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Can Magic pull off same trick in Game 5?
One significant factor in Orlando’s surprising success was presenting a pair of staggered screens for Jameer Nelson to work with. Since Rajon Rondo has the quickness, the toughness, and the determination to fight his way through most single-screens -- coupled with the effective help offered by the screeners’ defenders -- this tweak in the Magic’s game plan was nothing short of brilliant.
I hereby take back every negative thing I’ve ever said about Stan Van Gundy. Well, almost everything.
Getting around a brace of screens was too difficult a task even for Rondo, so Nelson was routinely able to turn the second corner, carry the ball into the paint, and execute nifty kick-out passes that led to all kinds of highly makeable shots. Also, when the Celtics' baseline rotations had to cut off Nelson’s penetrations, Dwight Howard was left alone to turn drop passes and missed shots into resounding dunks.
Plus, the Boston big man defending the secondary screen was understandably discombobulated and therefore hesitant to make appropriate spontaneous adjustments. The general confusion was contagious and allowed Dwight Howard to roll hoopwards with only minimal resistance.
However, this tactic is strictly a one-time trick. Once Tom Thibodeau gets a chance to study the game video he’ll surely come up with an antidote for this surprise strategy. For example, defending this particular alignment the same way that a baseline double-screen is defended: Having the two defending bigs slide a half-space toward the baseline end of the second screen to force Nelson to run a circle route instead of a bee-line. Meanwhile, the screenee tailgates Nelson and prevents him from reversing field. However, the top-most screen-defender must make sure to maintain sufficient contact with the initial screener to prevent him from freely dive-cutting to the rim.
Bet that Thibodeau will come up with several effective remedies to nullify Van Gundy’s brainstorm.
The Magic also won because Rondo was uncharacteristically passive with the ball, especially in early offense sequences. When Rondo did attack the cup in Boston’s half-court sets, he either missed his dependable floaters or else Howard swatted them.
It’s also a good bet that Rondo will scoot and shoot more, and will also be keenly aware of Howard’s presence when he does approach the goal. Look for more warp-speed layups and interior assists racked up by Rondo in Game 5.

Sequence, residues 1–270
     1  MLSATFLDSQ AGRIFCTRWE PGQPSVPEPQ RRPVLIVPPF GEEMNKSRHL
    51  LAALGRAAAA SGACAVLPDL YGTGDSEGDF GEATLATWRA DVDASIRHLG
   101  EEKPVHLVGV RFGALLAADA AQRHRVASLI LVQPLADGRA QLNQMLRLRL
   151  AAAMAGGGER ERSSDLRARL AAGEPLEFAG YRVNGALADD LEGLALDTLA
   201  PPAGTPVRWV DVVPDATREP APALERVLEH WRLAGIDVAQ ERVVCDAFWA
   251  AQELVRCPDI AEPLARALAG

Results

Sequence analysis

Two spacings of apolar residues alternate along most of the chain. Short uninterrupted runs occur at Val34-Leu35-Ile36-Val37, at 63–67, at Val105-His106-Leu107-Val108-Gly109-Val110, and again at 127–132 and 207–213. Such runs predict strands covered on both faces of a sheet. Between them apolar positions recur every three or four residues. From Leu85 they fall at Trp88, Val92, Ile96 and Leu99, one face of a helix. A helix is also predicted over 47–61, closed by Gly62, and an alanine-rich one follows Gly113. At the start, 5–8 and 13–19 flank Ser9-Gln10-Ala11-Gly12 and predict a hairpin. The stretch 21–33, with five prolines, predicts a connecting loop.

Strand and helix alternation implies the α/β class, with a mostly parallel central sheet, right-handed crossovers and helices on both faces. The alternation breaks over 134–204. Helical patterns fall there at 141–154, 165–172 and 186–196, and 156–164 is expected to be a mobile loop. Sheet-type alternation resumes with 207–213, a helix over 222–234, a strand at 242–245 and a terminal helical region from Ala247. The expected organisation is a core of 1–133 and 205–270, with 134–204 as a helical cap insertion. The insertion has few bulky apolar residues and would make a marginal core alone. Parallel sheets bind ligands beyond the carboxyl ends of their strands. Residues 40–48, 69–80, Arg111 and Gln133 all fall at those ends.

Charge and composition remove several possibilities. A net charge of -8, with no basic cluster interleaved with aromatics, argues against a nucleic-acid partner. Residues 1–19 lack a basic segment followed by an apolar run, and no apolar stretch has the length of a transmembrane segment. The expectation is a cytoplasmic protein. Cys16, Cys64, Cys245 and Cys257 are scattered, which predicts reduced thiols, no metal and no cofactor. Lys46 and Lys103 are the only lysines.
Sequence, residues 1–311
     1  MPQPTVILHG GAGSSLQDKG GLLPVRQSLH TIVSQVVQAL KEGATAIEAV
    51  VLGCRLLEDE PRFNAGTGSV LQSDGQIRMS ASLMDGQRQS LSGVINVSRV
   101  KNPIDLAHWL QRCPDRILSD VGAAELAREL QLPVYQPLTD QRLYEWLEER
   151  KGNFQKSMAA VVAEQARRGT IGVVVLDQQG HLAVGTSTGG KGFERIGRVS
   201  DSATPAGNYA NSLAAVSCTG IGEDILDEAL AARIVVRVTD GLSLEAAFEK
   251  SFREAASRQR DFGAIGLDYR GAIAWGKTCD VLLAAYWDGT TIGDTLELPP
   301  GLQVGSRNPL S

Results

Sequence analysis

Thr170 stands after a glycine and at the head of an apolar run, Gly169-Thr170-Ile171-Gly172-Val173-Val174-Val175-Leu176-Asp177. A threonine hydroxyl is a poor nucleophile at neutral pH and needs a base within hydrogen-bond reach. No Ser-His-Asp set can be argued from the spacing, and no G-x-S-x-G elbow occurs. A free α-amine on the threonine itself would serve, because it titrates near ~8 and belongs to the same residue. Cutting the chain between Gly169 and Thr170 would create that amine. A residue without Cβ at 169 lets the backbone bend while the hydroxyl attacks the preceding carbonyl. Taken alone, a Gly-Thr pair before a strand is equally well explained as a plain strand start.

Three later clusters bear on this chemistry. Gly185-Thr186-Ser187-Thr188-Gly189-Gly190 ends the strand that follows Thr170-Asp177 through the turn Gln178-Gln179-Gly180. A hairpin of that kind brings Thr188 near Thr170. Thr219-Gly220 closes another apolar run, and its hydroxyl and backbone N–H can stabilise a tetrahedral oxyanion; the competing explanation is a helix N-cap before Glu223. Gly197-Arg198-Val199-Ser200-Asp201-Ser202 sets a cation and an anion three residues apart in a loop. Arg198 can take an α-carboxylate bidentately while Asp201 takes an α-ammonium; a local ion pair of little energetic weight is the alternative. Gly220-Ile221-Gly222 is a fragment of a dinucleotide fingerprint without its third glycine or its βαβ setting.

Another major factor in the outcome was Boston’s overreacting to ball penetration. On several Magic possessions where (primarily) Nelson or one of his teammates ventured into the paint they were quickly surrounded by five Celtics. Of course this left 3-point aces like J.J. Redick and Rashard Lewis unattended.
By swarming the ball, the Celtics increase their chances of coming up with steals and blocked shots, but the tactic does have its risks. It remains to be seen if Boston will reduce the defensive crowd in the lane or stay in touch with Orlando’s dangerous long-range shooters.
Furthermore, the Celtics contributed to their own undoing by running too many isos both later in regulation and in the overtime period. Credit Orlando’s spidery defense for stifling Boston’s usual quick-hitting ball- and player-movement. However, team-oriented offense continues to be the hallmark of the Celtic tradition. Selfish and/or lazy deviations lead to losses that could easily have been wins.
It also appeared that the younger Magic simply wore down Pierce and Garnett. As a result, PP and KG lacked the endurance to keep moving at the requisite speed to maintain their concentration, causing them to miss relatively easy shots and to commit unforced turnovers.
By relentlessly pushing the ball -- even after made baskets -- it’s certainly conceivable that the Magic can reprise this game plan with the same or similar results.
With the series returning to Orlando, the Magic are still alive and kicking. And because of what occurred in Game 4, Orlando is now proactive while the Celtics are reactive.
The Magic should not even be thinking of the improbability of winning the next three games. Instead, all of their focus should be on winning Game 5.
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